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REAL STEEL

The Technology
Director Shawn Levy gives credit where credit is due and says that for the amazing technology used in "Real Steel,” he and the special effects teams "borrowed many pages from the technology that James Cameron developed for ‘Avatar.'” The director further explains, "This is a next generation approach to visual effects. Simply put, instead of the traditional way where we shoot an empty frame and then computer animators draw in a robot later, we did motion capture, where we had real boxers choreographed by Garrett Warren and Sugar Ray Leonard actually boxing each other. We took the data of their body movements. Digitized it. Stored it. Then, months later we come to a real set and lined up a shot. I could then take that programmed motion-capture data and use what's called Simul-Cam B to feed that stored data into a real-world place.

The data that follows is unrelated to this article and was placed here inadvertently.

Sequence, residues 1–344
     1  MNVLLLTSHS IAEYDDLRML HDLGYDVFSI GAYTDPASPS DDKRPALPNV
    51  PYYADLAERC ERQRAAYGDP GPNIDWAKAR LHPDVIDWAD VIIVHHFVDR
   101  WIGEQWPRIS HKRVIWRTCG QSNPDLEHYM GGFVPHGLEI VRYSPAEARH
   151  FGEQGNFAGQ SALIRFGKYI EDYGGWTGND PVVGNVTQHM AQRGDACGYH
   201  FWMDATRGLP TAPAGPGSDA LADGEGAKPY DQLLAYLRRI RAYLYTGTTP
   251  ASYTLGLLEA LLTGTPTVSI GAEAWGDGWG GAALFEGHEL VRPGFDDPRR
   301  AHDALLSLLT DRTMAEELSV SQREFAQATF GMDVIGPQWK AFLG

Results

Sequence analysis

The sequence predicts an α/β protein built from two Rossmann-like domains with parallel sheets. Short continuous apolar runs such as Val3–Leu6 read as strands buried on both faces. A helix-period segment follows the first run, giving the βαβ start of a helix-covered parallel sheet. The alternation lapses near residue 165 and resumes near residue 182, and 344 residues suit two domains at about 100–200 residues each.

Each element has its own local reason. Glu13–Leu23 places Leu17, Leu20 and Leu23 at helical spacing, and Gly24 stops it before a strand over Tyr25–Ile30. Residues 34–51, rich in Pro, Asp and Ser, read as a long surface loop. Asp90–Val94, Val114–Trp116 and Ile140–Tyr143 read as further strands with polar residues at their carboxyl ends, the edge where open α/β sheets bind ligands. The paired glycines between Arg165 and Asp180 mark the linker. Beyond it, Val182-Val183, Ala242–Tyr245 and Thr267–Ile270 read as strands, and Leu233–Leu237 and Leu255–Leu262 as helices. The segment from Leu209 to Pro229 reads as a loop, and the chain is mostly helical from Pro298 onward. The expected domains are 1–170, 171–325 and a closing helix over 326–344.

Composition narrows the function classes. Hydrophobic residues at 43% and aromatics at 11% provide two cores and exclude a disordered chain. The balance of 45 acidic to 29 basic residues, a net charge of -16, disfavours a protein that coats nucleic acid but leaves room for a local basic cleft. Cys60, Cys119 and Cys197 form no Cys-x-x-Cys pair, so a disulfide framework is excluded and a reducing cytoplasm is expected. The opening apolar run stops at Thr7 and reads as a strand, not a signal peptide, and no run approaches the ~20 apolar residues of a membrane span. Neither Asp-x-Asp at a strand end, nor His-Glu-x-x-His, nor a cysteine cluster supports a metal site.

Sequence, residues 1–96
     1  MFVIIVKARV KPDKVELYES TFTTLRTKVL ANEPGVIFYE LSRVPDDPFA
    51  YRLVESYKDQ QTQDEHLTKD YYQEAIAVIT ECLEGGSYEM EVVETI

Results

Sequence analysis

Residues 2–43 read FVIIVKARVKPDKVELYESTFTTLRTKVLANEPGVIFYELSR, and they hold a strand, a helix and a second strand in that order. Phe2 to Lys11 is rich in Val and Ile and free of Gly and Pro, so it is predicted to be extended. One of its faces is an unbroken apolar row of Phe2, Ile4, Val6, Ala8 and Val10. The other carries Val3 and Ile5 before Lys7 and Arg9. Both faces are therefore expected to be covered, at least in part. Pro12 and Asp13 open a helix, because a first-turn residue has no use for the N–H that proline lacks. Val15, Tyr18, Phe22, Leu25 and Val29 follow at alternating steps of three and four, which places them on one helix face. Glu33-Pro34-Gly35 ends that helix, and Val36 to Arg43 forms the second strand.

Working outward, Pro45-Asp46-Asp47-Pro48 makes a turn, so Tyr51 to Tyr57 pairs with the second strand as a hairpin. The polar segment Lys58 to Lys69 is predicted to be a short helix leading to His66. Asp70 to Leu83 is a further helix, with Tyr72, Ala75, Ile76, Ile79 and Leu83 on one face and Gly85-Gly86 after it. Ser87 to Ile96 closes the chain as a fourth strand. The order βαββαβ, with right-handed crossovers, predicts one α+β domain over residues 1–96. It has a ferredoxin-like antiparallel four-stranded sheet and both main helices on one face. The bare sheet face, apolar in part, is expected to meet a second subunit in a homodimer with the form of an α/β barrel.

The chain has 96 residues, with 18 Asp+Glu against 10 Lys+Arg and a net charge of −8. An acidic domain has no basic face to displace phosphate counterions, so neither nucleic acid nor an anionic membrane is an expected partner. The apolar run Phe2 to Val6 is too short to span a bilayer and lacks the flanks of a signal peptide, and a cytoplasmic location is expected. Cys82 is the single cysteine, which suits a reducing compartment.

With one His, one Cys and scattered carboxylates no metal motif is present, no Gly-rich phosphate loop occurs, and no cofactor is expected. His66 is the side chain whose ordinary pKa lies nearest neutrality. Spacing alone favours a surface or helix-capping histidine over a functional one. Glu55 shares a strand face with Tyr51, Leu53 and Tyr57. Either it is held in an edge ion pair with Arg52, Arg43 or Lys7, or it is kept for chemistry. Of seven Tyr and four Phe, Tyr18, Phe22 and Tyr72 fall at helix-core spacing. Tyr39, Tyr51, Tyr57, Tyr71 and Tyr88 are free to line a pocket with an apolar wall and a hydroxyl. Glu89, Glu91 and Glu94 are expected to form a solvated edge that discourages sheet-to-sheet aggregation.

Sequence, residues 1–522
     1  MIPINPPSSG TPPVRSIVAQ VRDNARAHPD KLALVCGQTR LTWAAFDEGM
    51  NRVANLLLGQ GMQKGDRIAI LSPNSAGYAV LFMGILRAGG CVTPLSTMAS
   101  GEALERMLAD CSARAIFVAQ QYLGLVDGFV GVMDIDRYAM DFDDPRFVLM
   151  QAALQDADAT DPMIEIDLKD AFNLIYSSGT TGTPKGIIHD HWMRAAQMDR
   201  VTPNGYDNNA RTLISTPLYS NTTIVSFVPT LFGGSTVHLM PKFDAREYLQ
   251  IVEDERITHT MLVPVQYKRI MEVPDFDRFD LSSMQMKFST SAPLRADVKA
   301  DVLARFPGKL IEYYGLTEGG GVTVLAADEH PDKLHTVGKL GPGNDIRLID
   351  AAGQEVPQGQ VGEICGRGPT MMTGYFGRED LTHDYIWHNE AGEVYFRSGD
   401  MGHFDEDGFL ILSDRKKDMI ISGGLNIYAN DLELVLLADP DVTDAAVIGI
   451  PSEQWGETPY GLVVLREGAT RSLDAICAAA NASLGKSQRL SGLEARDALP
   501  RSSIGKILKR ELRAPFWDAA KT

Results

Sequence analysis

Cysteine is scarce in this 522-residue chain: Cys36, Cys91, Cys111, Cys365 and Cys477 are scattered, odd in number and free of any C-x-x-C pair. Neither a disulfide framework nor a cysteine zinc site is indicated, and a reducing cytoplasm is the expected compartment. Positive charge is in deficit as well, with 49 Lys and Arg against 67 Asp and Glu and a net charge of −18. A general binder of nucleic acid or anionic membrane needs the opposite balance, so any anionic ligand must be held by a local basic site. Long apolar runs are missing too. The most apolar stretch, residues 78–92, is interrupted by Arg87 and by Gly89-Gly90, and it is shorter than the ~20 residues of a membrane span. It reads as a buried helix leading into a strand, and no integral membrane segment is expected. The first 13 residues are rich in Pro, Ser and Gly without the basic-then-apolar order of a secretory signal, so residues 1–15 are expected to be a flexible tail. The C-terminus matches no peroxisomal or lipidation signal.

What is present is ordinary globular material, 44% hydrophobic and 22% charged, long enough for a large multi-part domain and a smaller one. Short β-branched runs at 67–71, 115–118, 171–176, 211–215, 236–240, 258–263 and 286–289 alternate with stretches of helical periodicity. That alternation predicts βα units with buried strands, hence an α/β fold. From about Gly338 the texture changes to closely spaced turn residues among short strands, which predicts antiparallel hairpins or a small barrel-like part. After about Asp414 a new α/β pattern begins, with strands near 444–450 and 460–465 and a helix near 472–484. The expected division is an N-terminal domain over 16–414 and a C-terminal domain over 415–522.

"It's taking the technology that was literally invented on ‘Avatar' but doing something a little different with it. ‘Avatar' took motion captured performances and put them in a virtual world. We're taking motion-captured performances and plugging them back into the real world.”

Levy admits that the process sounds complicated and does us a favor by putting it in even simpler terms. "Here's what it all really means,” he says. "We put fighters in the ring wearing data capturing jumpsuits. They do the fight. Their moving data––the data that is their motion––is converted into a robot avatar on the screen simultaneously. Then we're able to go to our live fight venue, line up a camera on an empty ring, and the technology allows you to take the robot fighting that you did six months earlier and put it in that ring in real time as you're watching it. And that's Simul Cam B.”

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